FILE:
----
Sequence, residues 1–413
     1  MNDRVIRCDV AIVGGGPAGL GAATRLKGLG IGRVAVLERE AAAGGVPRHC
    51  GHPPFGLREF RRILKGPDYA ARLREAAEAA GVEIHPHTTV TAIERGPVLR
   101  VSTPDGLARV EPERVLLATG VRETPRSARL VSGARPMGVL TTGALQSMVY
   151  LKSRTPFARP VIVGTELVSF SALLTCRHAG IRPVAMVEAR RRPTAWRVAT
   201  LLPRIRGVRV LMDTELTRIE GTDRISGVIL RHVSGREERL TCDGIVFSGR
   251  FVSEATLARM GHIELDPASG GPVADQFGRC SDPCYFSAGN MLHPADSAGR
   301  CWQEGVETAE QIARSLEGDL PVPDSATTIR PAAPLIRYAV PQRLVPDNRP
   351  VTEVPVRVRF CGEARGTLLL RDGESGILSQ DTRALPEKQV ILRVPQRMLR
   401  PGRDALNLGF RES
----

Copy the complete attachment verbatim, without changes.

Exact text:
Sequence, residues 1–413
     1  MNDRVIRCDV AIVGGGPAGL GAATRLKGLG IGRVAVLERE AAAGGVPRHC
    51  GHPPFGLREF RRILKGPDYA ARLREAAEAA GVEIHPHTTV TAIERGPVLR
   101  VSTPDGLARV EPERVLLATG VRETPRSARL VSGARPMGVL TTGALQSMVY
   151  LKSRTPFARP VIVGTELVSF SALLTCRHAG IRPVAMVEAR RRPTAWRVAT
   201  LLPRIRGVRV LMDTELTRIE GTDRISGVIL RHVSGREERL TCDGIVFSGR
   251  FVSEATLARM GHIELDPASG GPVADQFGRC SDPCYFSAGN MLHPADSAGR
   301  CWQEGVETAE QIARSLEGDL PVPDSATTIR PAAPLIRYAV PQRLVPDNRP
   351  VTEVPVRVRF CGEARGTLLL RDGESGILSQ DTRALPEKQV ILRVPQRMLR
   401  PGRDALNLGF RES